Vice Chancellors and other senior university representatives from six of the region’s largest universities – Aston University, Birmingham City University, Coventry University, University of Birmingham, University of Warwick and University of Wolverhampton – showcased their institutions’ key priority areas and business specialisms to a local, high-profile, corporate audience made up of CEOs, directors and partners.
A key theme of the event was to address how universities will play a significant role in supporting the BPFS industry to make its mark and meet the region’s growth plans.
The BPFS sector employs more than 320,000 people in the West Midlands Combined Authority (WMCA) area, which is one in five local jobs. The sector is worth some £25 billion to the regional economy, representing 27.5% of GVA.
The region’s universities offer a broad range of business support services, including R&D, consultancy work, executive education programmes, and the opportunity to design course content. Universities already offer bespoke courses to a number of blue-chip employers including PwC, the Bank of England, Deloitte and Barclays. Working with businesses, they also help tackle some of today’s important issues by providing courses in subjects such as cyber security.
More than 560,000 people have applied to start a UK full-time undergraduate university or college course in 2019, according to UCAS data. This is almost 2,500 more than at the equivalent point last year – and the first increase in three years.
The event was the beginning of a conversation between BPFS and academia to address how they work more collaboratively in the future, ensuring that courses reflect the skills required by businesses, graduate schemes are more accessible to students from all backgrounds, and that graduates’ skills and academic experience meet their expectations.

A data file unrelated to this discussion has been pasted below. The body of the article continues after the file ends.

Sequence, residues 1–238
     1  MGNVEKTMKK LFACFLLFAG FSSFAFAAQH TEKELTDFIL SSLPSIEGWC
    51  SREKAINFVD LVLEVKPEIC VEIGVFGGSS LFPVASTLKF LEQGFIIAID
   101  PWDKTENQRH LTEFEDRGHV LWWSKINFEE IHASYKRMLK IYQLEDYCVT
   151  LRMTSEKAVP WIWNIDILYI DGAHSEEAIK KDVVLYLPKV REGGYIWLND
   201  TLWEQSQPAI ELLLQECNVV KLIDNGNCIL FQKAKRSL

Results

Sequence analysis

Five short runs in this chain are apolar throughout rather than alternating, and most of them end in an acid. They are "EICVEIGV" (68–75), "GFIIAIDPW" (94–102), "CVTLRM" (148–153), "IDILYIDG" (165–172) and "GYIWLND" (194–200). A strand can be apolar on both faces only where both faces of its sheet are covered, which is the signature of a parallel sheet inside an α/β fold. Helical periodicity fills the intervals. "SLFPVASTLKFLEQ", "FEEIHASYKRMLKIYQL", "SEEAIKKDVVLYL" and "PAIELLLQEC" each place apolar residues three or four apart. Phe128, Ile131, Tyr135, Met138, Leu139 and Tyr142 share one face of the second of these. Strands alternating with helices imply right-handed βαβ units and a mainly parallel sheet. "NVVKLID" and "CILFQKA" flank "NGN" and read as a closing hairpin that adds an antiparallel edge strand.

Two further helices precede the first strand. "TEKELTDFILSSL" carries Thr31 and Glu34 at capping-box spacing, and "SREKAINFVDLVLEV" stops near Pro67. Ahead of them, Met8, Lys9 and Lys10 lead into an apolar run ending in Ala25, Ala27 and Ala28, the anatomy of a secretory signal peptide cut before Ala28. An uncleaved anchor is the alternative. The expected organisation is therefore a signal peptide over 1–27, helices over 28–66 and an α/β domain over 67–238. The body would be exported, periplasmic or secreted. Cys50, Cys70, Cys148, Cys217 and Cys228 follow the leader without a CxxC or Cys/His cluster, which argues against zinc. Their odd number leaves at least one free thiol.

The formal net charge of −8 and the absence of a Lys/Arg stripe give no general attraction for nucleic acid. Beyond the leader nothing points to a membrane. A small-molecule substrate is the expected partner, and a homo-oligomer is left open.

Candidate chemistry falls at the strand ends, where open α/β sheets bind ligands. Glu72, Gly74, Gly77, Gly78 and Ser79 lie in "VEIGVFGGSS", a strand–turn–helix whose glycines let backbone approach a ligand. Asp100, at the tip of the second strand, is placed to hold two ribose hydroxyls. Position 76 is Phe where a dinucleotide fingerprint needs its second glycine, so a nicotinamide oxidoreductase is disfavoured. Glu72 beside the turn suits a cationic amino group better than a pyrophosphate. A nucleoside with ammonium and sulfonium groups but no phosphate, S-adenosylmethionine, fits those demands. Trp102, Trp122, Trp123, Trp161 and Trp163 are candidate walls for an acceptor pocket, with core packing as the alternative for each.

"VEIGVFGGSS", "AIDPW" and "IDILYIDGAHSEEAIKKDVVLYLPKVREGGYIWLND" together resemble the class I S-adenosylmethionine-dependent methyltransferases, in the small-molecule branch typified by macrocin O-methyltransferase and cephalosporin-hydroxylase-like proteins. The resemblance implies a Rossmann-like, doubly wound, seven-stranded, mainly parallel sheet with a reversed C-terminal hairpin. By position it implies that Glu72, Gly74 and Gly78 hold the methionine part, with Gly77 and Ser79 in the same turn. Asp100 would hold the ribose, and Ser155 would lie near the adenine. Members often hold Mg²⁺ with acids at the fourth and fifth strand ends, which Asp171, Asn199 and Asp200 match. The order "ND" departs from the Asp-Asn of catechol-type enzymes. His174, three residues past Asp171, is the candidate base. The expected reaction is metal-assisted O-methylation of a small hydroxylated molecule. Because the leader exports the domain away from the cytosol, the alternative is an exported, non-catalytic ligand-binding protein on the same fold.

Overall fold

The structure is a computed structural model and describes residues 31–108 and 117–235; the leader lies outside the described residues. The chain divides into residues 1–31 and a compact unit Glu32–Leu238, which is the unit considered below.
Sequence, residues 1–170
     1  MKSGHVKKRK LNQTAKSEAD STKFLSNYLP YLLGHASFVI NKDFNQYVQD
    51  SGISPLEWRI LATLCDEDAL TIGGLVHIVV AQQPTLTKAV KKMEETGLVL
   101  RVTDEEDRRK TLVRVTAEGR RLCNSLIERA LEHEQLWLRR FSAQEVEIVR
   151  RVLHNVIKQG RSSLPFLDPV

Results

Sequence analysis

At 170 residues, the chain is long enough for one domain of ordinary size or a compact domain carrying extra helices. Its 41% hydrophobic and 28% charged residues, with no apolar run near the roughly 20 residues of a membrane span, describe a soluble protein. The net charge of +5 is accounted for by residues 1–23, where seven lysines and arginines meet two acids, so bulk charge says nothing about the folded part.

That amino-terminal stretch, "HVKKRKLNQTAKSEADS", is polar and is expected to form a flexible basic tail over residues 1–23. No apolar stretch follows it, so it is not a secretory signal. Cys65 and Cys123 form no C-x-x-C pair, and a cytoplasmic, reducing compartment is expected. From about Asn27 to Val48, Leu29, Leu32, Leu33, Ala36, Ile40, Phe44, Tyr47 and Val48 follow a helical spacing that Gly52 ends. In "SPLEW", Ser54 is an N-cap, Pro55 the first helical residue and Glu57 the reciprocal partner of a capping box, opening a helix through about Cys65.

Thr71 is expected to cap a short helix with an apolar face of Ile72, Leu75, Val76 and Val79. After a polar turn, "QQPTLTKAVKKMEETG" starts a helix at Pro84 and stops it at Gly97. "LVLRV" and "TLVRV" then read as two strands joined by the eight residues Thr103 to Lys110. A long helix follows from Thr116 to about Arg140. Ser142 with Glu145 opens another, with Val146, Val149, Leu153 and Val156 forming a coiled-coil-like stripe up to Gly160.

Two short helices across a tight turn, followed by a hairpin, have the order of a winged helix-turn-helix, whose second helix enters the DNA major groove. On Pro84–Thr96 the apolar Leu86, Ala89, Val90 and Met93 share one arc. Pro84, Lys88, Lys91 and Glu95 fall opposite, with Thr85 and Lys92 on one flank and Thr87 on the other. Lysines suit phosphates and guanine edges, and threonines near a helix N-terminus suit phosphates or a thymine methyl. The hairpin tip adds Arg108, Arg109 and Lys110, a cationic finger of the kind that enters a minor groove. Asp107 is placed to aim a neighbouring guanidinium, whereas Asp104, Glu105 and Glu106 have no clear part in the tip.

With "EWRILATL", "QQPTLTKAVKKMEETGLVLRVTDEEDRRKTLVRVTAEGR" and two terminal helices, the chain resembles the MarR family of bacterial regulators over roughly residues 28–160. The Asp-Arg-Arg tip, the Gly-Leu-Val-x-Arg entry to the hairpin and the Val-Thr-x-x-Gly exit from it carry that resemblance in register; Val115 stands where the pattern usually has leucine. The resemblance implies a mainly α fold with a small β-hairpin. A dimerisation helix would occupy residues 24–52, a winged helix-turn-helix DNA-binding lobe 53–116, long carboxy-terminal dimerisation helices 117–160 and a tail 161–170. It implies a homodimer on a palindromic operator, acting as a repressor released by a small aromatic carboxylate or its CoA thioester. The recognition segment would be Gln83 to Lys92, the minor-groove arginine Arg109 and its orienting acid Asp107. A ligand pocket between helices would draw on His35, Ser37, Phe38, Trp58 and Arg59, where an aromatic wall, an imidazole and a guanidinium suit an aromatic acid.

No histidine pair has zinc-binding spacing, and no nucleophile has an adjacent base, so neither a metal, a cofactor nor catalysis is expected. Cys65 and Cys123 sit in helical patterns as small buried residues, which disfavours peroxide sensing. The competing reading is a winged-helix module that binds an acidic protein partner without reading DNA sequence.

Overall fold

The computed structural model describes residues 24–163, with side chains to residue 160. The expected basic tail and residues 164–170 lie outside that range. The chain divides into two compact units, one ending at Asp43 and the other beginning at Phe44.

Key speakers included Andy Street, West Midlands Mayor; Jane Whitlock, Midlands Senior Partner at Deloitte; and Matthew Hammond, WMGC Chair and Midlands Regional Chairman at PwC. Attendees also heard presentations from each university.
Jane Whitlock, Midlands Senior Partner at Deloitte, commented:
“The event covered the numerous ways in which BPFS firms can benefit from engaging with universities.
“There was a strong emphasis on collaboration – particularly between the universities themselves as well as with businesses. The Vice Chancellors’ collective participation in the panel discussion reflected the importance of working together, and we are grateful for their insights.”
An in-depth panel discussion was also held during the event, featuring Professor Helen Higson, Aston University; Professor Philip Plowden, Birmingham City University; Professor John Latham, Coventry University: Professor Sir David Eastwood, University of Birmingham; Professor Stuart Croft, University of Warwick; and Professor Geoff Layer, University of Wolverhampton.
The West Midlands Growth Company is working with the six universities to promote their individual specialisms and demonstrate, through collaborative working, that they have a strong and unique investment offer – contributing to the region’s growth economy.
Matthew Hammond, Chair of the West Midlands Growth Company and Regional Chairman at PwC, said:
“Working together with our universities will help create a more prosperous, creative and innovative West Midlands. Their combined expertise and contribution to the region’s unique identity is particularly important for attracting inward investment and breaking down barriers to growth.”
Those in attendance included the Senior Leadership Forum, a membership of 25 executives from some of the region’s largest Professional Services firms including Deutsche Bank, HSBC, CBRE, RBS, JLL, DLA Piper, KPMG, Wesleyan, Squire Patton Boggs, PwC, Cushman & Wakefield, Pinsent Masons, Gateley, Barclays, EY, GVA and Lloyds Banking Group.